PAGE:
Asus' VivoBook Pro N552VW is a great-value desktop-replacement laptop for work and play.
High-powered laptops tend to fall into two distinct camps these days. You have your big, brash gaming laptops, which go for all-out power and don't give a fig for portability. And then you have more practical, elegant machines. The Asus VivoBook Pro N552VW falls into the latter category.
Although the VivoBook Pro’s core specifications have more in common with gaming laptops (they’re almost the same as Asus' Republic of Gamers GL552VW), it cuts a more refined and elegant figure.
On the outside, there's Asus’ trademark brushed metal concentric circle finish, resembling the grooves of a vinyl record, while inside you've got a classy silver keyboard tray. There’s a rather thick bezel around the screen, we did notice a little flex on the keyboard base, but it wasn't particularly worrisome. The rest of the build and design are quite good, though not up to the high standards set by Dell’s XPS range or Apple’s MacBook Pro.
For all its classy good looks, the VivoBook Pro isn’t small, weighing 2.5kg and measuring 29.9mm thick. In other words, it’s a typical full-size notebook. And with its 15.6-inch display, 1TB hard disk drive, full complement of connectivity options and built-in DVD drive, it’s clearly designed to be desktop replacement rather than an ultra-portable.
Keyboard, touchpad and connectivity
There's plenty else here to recommend the VivoBook Pro. The keyboard, in particular, is incredibly comfortable to type on. The keys have a good amount of travel with a positive-feeling action to each keystroke, and they all sit precisely where your fingers would expect them to, so there’s very little acclimatisation period
The large touchpad is equally comfortable to use and its smooth, slick surface allows your fingers to glide across it without much resistance. It felt lovely and responsive during testing, with integrated that mouse buttons worked well.
Being a full-size laptop, there's plenty of room for ports and sockets. For data, you get three USB 3 and one USB 3.1 Type-C port. There's also both a full-size HDMI output and mini-DisplayPort for hooking up external displays. The aforementioned DVD-RW drive is on the right side and there's also room for an SD card reader and Gigabit Ethernet. Wireless, meanwhile, is covered by 802.11ac Wi-Fi and Bluetooth 4.0.
Display and speakers
The VivoBook Pro comes in a number of models, including one with a standard Full HD screen and another with a 4K display. We reviewed the latter and in our testing, the VivoBook Pro’s screen was significantly brighter than your typical laptop’s screen, had darker blacks and displayed a broader range sRGB colours.
Overall, it’s an impressive screen. There are better displays available, but you’ll generally have to pay significantly more or compromise other specifications. And that 4K screen is ideal for those who like to multi-task and work on multiple documents simultaneously, and it's also a good fit for digital creatives.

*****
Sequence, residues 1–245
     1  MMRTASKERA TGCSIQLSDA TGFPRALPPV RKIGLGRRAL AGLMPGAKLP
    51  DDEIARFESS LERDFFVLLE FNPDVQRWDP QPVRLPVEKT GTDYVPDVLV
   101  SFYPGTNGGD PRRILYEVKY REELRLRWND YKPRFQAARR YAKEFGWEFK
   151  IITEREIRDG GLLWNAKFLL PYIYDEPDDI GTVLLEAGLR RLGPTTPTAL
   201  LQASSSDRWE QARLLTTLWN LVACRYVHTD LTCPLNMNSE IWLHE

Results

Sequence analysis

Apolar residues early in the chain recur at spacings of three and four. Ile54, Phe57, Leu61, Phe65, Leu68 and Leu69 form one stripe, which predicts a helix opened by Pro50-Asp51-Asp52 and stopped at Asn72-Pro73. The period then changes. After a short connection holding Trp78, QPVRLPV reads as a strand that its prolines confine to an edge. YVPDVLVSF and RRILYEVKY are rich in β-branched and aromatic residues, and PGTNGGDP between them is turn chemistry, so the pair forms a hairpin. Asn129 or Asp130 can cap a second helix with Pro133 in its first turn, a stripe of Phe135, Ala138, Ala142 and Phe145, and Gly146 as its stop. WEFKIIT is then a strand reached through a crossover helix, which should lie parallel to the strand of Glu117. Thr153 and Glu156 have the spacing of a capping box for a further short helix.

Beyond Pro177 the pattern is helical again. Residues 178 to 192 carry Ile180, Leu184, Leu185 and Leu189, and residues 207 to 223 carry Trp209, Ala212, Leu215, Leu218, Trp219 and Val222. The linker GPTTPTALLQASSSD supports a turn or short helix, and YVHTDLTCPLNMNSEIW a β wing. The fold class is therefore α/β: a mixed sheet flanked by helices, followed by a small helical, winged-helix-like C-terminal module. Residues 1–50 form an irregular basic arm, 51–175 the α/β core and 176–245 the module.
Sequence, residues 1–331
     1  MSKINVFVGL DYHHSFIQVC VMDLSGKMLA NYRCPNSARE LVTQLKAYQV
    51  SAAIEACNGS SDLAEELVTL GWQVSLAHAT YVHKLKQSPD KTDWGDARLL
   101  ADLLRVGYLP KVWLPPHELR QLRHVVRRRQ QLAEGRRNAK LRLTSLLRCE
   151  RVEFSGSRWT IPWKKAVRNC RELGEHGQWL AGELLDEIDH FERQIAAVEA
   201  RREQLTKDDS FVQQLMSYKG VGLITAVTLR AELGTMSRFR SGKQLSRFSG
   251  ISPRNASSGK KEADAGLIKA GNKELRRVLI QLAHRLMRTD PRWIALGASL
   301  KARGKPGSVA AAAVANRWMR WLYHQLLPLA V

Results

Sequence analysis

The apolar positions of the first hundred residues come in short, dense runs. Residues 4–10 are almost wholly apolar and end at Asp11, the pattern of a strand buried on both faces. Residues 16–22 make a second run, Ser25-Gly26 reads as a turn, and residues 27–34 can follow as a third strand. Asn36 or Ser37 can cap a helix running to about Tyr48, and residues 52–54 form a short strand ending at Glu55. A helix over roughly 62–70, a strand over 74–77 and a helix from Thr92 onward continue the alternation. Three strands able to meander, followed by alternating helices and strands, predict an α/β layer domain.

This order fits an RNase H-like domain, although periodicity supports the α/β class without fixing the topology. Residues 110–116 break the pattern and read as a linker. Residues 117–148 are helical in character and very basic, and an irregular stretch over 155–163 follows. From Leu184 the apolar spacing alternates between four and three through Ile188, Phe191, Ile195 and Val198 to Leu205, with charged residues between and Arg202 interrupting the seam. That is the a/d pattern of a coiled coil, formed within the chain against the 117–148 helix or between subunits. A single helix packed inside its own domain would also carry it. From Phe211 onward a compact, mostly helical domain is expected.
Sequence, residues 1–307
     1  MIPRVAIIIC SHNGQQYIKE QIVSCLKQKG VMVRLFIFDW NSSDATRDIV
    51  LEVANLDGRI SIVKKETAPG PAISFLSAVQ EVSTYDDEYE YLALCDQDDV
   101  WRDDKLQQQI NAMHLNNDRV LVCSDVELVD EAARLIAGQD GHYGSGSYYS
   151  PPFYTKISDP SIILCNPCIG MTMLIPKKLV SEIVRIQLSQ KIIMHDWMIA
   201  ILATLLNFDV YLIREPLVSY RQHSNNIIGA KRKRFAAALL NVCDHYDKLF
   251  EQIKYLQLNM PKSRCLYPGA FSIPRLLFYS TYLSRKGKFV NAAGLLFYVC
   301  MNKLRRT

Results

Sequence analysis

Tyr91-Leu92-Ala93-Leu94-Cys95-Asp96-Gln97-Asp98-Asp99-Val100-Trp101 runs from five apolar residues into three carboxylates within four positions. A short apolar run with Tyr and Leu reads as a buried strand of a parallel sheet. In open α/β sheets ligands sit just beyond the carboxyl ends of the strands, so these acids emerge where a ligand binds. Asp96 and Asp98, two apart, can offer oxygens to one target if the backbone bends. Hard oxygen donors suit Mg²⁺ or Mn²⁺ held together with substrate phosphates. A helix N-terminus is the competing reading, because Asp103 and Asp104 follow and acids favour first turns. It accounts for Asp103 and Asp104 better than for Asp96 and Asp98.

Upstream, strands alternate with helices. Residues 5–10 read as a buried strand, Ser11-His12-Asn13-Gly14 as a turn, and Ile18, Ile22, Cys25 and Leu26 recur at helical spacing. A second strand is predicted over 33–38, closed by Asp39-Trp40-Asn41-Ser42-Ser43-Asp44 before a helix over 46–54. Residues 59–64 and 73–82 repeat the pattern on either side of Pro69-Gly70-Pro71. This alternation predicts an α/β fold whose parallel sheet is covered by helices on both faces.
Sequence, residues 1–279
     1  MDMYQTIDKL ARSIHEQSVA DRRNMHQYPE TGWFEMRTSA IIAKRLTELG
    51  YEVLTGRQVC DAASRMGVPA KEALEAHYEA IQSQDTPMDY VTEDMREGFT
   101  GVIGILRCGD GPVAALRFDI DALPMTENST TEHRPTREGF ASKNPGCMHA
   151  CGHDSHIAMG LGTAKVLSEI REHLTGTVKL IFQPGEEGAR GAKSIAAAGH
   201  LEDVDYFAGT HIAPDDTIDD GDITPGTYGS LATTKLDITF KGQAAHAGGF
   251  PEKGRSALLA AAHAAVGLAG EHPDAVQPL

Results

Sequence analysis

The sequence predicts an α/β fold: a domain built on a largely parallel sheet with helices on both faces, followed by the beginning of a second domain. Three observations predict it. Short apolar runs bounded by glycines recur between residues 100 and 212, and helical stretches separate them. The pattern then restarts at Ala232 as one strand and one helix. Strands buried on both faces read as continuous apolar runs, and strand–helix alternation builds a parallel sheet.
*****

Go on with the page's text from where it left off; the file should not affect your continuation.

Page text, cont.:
As for the speakers, they're distinctly average, but since they fire upwards they don't sound as muffled as other laptops with downwards-firing speakers. They're perfectly adequate for watching films on Netflix and the odd YouTube video, but for a more enjoyable audio experience, you will need to plug in some headphones or external speakers.
This is where the VivoBook Pro really shines. For your money, you get a top-end, sixth-generation quad-core Intel Core i7-6700HQ processor running at 2.6GHz. This can Turbo Boost to 3.5GHz when thermal conditions allow for it. Just make sure you to check this, because we’ve seen an older model with a previous generation chip still on sale.
In our application benchmarks, the VivoBook Pro produced outstanding results – right up there with Dell’s XPS 15. This makes the VivoBook Pro an excellent choice for a wide variety of desktop tasks, including high-end applications such as video editing.
With a 1TB hard disk drive, there's plenty of storage, though it appears you’ll need to pay extra for the extra 128GB solid state drive (SSD) that was in our test machine. Just be aware that not having the SSD will have a significant impact on its performance.
And then there's the dedicated graphics processing unit (GPU) – a mid-range Nvidia GeForce 960M. In our benchmarks, it couldn’t match the best gaming laptops and in our high-end test game we had to reduce some graphics settings for it to run smoothly. Still, it’s light years ahead of your typical laptop with integrated graphics, and should allow you to play most games, even if you have to tweak the settings. The Nvidia GPU may also help out a little on applications like Photoshop, where graphics acceleration is supported.
The one area where the VivoBook Pro falls behind is battery life, largely due to that high-resolution screen. It only lasted a very disappointing 3 hours 34 minutes in our video playback test. However, with a laptop this big and bulky, it isn't something you're going to be wanting to use on the move that often.
There's a lot to like about the Asus VivoBook Pro N552VW. It's good value considering the specifications on offer, and it's a halfway-decent gaming laptop, too, although that's not its main purpose in life. It's just as quick as the considerably more expensive Dell XPS 15, too, even if its design doesn't quite live up to the same expectations.
Still, for under $2,000, you're getting a good 4K display, good application performance and solid games performance, making it ideal for those who want a desktop replacement for work and play. If you don’t need to lug it around all day or long battery life, the VivoBook Pro is a great all-rounder.